This is why it is very important to pick a mock CAT provider who focuses on providing detailed solutions and helps with the thought process. In other words, have a look at the 2IIM mocks before you go looking elsewhere. :-)

2. Which 3 get kicked out, which ones get in?
After every mock, do a simple exercise to improve decision-making. Select at least three attempts from each section that you should have skipped, and replace these with three you should have attempted. In your first few mocks, you might even be able to select 5-6 questions in each section. The big gains in mocks come from improved decision-making; and you have to take a conscious effort to improve this. If you can reach your point where you cannot find more than 1 question in each section that you had incorrectly chosen to attempt, you can count yourself ready for the exam.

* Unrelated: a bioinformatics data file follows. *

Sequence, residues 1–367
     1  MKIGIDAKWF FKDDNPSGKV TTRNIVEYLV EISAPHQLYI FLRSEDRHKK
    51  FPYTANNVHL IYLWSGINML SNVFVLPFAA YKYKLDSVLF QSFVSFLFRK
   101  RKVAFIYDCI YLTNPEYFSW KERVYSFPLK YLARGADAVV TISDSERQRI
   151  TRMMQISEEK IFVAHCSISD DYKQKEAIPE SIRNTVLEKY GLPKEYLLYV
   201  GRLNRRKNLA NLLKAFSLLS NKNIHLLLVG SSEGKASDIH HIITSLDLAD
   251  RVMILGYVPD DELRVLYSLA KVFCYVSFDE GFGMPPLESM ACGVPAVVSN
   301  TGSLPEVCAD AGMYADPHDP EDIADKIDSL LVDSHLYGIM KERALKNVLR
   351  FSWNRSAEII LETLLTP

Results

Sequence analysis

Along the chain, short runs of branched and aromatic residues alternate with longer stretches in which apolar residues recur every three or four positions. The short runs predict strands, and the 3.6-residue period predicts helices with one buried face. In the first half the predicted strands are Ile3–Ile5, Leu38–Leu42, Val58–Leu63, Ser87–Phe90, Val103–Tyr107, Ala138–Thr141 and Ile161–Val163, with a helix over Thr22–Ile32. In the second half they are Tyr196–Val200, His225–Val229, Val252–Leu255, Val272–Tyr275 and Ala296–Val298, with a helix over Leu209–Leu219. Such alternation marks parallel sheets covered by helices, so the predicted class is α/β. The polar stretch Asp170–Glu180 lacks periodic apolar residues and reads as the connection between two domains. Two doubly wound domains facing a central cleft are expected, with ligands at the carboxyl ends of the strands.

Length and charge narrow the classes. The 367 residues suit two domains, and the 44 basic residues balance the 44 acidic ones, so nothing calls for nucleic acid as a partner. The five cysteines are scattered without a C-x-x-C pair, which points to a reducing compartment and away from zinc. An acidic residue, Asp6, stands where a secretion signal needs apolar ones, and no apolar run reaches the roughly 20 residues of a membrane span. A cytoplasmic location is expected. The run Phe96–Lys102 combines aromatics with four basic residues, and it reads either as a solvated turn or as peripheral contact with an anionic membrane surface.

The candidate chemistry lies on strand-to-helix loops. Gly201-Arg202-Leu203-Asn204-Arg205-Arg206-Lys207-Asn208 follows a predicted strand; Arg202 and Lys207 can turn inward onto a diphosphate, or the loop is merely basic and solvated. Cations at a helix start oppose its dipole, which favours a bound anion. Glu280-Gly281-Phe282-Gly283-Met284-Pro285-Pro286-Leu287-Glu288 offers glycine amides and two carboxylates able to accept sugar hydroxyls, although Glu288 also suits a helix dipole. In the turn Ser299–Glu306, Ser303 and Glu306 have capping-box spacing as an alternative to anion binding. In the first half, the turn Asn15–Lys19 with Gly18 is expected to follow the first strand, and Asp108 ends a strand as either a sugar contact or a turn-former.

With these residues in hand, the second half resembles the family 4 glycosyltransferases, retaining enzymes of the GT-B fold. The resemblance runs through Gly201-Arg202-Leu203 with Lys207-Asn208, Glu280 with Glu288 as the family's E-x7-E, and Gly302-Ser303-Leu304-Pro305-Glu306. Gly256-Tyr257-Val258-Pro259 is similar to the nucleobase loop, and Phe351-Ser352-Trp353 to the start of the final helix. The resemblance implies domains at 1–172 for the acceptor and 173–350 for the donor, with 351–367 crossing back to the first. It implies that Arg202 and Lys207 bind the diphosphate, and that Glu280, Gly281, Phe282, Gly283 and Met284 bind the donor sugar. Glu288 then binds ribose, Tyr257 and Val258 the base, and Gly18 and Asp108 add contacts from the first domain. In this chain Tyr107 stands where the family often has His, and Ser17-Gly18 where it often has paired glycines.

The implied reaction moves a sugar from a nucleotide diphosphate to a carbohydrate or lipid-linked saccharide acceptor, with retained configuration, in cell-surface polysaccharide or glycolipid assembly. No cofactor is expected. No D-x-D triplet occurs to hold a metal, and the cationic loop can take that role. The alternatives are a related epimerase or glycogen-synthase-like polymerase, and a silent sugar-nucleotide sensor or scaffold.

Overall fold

3. Topic-wise and timing-wise analysis
You should ask yourself a few questions similar to the ones given below -
How good is the hit-rate in Sentence Rearrangament? Was it worth doing the DI even after taking 15 minutes, did I at least get all 4 correct? Should I completely skip Sentence Elimination questions from now on? Did I get a Permutation Combination question wrong again? Should I completely dump this topic?

On the timing front, figure out when the fatigue errors creep in. All of us find that there are 2-3 questions where we cannot really fathom why we marked that stupid wrong choice in the first place. This is essentially down to fatigue. There is a spell of 15-20 minutes where not much gets done and errors creep in. Locate this spell, see when it usually happens and reduce it methodically.

On the timing front, it is important to know which type of question gets you the best marks/minute. You might easily attempt 3 RC passages accounting for 12 questions within 30 minutes. But if you get 6 of these wrong, that is effectively same as attempting only one RC and getting all questions correctly. Four correct answers in 30 minutes is a very poor return.